The Workplace Relations Act 2015 (the “Act”) was signed into law by the President on 20 May 2015 and it is presently anticipated that the Act will be commenced with effect from 1 July 2015.

The Act marks the completion of a substantial period of review and  public consultation which commenced in 2011 with the introduction of the programme of reform by Minister Richard Bruton. The Government’s objective is to deliver a world-class workplace relations service which is simple to use, impartial, cost effective and provides for a workable means of redress and enforcement within a reasonable period of time.

The Act constitutes the most substantial revision of the Irish employment law framework since the introduction of the various dispute resolution bodies. Once commenced, it will transform the manner in which employment and equality disputes are dealt with in Ireland. Under the current system for resolving workplace disputes in Ireland, different employment law rights must be enforced in separate fora. This can give rise to a multiplicity of claims involving the same parties appearing before a number of fora. In this regard, the Act will create a new single framework for the resolution of employment and equality disputes in Ireland.

The key reforms contained in the Act are as follows:

  • The establishment of a new body, the Workplace Relations Commission (the “WRC”), which will amalgamate the existing services of the Labour Relations Commission (“LRC”), the National Employment Rights Authority (NERA), the Equality Tribunal and the first instance functions of the Employment Appeals Tribunal (the “EAT”) and the Labour Court. The WRC will have general responsibility for the promotion and improvement of industrial and employmentrelations;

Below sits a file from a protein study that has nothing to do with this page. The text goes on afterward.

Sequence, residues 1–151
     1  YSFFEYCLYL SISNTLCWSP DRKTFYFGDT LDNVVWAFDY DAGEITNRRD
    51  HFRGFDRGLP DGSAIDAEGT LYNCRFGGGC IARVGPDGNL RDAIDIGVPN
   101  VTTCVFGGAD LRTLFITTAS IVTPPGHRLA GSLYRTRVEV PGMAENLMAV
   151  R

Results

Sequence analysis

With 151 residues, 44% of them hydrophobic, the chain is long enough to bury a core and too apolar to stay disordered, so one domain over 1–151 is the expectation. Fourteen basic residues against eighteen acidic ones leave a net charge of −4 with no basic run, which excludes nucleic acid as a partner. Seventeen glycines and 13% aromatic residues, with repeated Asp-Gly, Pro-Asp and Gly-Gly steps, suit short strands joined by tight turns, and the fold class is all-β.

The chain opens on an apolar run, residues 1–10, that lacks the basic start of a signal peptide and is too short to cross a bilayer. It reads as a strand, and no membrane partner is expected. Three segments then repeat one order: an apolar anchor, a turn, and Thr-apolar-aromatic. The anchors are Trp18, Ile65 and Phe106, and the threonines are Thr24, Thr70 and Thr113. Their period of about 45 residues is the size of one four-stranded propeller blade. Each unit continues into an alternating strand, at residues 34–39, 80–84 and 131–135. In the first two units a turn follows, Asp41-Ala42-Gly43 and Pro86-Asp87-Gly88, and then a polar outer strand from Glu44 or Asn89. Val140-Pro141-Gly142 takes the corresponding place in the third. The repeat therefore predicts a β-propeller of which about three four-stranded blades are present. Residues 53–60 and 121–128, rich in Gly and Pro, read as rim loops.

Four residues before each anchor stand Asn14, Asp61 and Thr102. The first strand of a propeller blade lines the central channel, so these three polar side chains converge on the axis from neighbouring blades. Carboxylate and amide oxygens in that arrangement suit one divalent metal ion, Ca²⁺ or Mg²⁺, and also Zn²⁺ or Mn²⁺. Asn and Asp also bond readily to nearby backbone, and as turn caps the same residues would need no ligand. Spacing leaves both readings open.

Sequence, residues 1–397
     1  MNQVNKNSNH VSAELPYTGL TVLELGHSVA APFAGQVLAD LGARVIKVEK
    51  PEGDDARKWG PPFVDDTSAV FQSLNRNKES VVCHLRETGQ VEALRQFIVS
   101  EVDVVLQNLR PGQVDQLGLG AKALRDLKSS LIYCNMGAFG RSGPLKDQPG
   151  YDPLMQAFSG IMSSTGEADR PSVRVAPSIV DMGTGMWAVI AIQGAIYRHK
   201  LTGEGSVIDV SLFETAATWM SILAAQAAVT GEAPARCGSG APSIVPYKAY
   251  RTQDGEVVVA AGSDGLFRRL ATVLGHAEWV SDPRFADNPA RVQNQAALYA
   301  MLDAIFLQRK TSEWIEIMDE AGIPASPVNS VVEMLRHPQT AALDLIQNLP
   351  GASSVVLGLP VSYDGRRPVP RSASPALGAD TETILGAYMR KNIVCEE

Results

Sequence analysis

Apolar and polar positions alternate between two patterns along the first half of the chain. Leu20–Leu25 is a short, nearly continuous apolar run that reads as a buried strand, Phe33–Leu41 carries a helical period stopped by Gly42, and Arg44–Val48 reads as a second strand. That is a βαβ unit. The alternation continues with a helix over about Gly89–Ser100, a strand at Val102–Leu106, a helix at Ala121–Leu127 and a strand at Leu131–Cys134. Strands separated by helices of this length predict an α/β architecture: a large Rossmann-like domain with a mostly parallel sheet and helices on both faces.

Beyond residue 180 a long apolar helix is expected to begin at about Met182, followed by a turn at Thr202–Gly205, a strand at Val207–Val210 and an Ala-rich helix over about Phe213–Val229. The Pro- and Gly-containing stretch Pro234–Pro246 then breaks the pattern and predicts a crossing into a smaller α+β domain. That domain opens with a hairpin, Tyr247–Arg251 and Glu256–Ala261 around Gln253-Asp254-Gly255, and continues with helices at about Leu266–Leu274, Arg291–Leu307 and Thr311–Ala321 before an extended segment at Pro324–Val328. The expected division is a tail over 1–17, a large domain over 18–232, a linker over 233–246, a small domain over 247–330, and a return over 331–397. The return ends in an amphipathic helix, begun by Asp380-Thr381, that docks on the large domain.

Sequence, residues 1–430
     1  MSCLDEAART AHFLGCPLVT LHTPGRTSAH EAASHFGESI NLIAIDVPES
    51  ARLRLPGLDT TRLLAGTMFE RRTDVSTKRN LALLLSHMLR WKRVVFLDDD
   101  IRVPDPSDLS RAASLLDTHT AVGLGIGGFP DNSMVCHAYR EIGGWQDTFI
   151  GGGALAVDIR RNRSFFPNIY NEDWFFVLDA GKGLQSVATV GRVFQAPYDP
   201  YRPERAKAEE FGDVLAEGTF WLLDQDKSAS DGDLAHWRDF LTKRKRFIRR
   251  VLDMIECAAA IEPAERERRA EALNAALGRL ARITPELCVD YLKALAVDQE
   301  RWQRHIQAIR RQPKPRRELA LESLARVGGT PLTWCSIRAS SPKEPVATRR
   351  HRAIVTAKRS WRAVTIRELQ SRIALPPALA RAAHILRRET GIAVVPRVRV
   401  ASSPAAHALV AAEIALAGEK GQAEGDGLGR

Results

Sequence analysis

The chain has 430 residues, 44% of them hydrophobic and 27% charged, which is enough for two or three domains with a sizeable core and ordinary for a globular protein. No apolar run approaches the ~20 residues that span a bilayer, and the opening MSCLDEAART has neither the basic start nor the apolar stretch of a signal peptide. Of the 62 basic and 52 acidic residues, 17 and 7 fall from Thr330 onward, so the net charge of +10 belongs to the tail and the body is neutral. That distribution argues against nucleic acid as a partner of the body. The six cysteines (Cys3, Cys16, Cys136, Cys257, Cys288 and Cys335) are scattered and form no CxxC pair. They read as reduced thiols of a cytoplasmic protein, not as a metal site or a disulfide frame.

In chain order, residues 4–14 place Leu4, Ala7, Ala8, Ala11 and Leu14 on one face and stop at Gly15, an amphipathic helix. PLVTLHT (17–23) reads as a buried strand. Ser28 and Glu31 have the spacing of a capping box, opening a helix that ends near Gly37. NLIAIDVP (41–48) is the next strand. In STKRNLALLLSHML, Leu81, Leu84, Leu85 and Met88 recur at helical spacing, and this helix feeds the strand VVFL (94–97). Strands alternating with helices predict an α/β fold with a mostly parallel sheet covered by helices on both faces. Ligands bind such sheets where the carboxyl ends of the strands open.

• The appointment of a new position of Director General of the WRC who shall bear responsibility for the overall management and operations of the WRC. Kieran Mulvey, current Chief Executive Officer of the LRC, will be appointed Director General of the WRC;
  • The transfer of all of the existing functions of the LRC (including  industrial relations conciliation, advisory services and workplace mediation) to the WRC;
  • The dissolution of the LRC and the EAT following their disposal of all legacy first instance complaints and appeals referred to them prior to the establishment of the WRC;
  • The creation of a new two-tier workplace relations structure, comprising of the WRC, which will deal with workplace complaints in the first instance, and an expanded and reconfigured Labour Court, which will deal with all cases on appeal from the WRC;
  • Claims at first instance will be heard by a single Adjudication Officer of the WRC sitting in private and every decision of the Adjudication Officer shall be published on the internet in such form and in such manner as the WRC considers appropriate (other than information that would identify the parties in relation to whom the decision was made);
  • Decisions of the Labour Court, on appeal of a decision of an Adjudication Officer, may be appealed on a point of law only to the High Court;
  • The implementation of an early resolution /mediation service to facilitate the early resolution of disputes, allowing parties to enter into legally binding and enforceable  agreements;
  • The standardisation of limitation periods for the referral of a dispute under employment legislation to six months, extendable to twelve months where “reasonable cause” is shown;
  • The ability to deal with certain complaints by written submissions only. Where the Director General forms the opinion that a dispute or complaint can be dealt with in this manner, he may inform the parties of his intention not  to hold a hearing. Either party may then object to this within 42 days. Similar provisions apply in respect of the Labour Court;
  • New procedures for the enforcement of awards of an Adjudication Officer or the Labour Court through the District Court; and
  • Increased powers in the inspectorate functions of the WRC, including the introduction of two new compliance measures, a Compliance Notice and a Fixed Payment Notice, to promote higher levels of compliance amongst employers with  employment  legislation.